There have been many Diplomacy articles that focused on opening strategies and early to mid-game alliances. However, there have not been many articles that focus on the end-game. One that comes to mind is Jamie Dreier's series of three Pouch Zine articles concerning the Endgame. In these articles, Jamie discussed possibilities for getting beyond a seemingly drawn position to a chance for a solo victory. The purpose of this article is the opposite. It concerns preventing a win and forcing a draw. More specifically, this article discusses forming win-preventing alliances, particularly between players who are currently fighting amongst themselves. Much of the discussion draws from my game experiences; however, I also solicited comments and read End-of-Game Statements from players in recently completed games.
I define a Grand Alliance as an alliance that is required for a certain subset of powers to prevent one power from winning the game. If any one of these powers refuses to join, then the front-runner would win. Such an alliance requires not just peace between those involved, but cooperation and often a great deal of trust. Typically there has previously been a great deal of animosity, distrust, and friction between the alliance members, thereby making the task that much more difficult.
I believe that it should be the objective of all players to prevent anyone else from winning, if they cannot win themselves. Most players may start with this objective, but by the time the game is near over, emotions have sometimes clouded that objective. Indeed, it is the task of each player to blow smoke into the other players' eyes and cloud their vision in just that way. With their vision thus clouded, players may be willing to let the game end for many reasons: revenge, loyalty, admiration, apathy.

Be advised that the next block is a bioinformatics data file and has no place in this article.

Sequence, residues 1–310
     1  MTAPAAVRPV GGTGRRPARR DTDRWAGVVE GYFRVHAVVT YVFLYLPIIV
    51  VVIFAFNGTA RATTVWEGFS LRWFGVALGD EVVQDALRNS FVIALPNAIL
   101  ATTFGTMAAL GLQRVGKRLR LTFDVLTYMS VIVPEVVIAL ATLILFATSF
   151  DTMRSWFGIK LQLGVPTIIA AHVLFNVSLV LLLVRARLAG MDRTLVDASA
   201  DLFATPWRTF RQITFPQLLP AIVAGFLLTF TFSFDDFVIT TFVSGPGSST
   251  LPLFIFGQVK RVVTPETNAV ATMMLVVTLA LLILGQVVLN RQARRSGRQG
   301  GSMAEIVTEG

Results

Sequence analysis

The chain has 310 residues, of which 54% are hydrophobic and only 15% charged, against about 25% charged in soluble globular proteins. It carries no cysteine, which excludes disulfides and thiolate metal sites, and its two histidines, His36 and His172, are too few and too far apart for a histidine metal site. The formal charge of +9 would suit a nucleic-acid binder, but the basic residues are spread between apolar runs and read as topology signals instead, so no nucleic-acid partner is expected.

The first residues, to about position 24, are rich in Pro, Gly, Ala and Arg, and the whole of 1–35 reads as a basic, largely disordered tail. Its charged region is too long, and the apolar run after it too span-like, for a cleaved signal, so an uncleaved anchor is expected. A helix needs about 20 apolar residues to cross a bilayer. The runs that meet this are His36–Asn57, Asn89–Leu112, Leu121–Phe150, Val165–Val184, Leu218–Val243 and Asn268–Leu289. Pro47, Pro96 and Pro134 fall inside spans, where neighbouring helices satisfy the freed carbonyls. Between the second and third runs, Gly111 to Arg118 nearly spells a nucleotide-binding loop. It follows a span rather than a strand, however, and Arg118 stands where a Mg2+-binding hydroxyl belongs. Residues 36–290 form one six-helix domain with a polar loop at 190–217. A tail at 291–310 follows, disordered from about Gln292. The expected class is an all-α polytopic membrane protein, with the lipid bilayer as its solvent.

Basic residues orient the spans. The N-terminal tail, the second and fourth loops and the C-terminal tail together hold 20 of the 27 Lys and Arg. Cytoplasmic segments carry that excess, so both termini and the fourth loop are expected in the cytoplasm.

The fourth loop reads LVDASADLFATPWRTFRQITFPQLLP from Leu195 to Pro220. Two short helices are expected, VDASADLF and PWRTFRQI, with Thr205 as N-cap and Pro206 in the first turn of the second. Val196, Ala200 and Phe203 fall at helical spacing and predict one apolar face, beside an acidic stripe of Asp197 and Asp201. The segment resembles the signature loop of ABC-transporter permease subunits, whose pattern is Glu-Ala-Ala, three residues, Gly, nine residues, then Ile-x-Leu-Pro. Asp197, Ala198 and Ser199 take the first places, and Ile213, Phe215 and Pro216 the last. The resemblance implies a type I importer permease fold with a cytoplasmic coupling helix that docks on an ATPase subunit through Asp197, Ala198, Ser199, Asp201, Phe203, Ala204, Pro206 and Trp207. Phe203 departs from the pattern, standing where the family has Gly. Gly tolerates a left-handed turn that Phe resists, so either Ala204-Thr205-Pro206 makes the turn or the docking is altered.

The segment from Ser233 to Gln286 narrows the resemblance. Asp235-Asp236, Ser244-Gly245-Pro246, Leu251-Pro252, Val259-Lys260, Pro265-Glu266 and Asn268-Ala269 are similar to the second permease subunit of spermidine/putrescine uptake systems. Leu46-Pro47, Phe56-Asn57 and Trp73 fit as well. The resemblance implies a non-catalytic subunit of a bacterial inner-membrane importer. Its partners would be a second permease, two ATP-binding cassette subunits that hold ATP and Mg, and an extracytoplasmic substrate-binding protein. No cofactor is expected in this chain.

I submit that all players have a duty to the game of Diplomacy. This duty is to always play to the best of their abilities through the end of the game, to try to prevent others from winning, and (at the risk of sounding corny) to play their position as if real citizens actually depended on their efforts. The hobby is better when everyone continues to play their position until the end, and in my opinion, plays to win or else prevent others from winning. It is a matter of honor to put the duty to the game over the pull of the emotions listed above. Therefore, all differences and motives should be put aside to form a Grand Alliance when it is necessary. The players in the game kwijibo, when creating a Grand Alliance to prevent an Austrian win, summed this up well: "if Austria is going to win, he is going to win the hard way."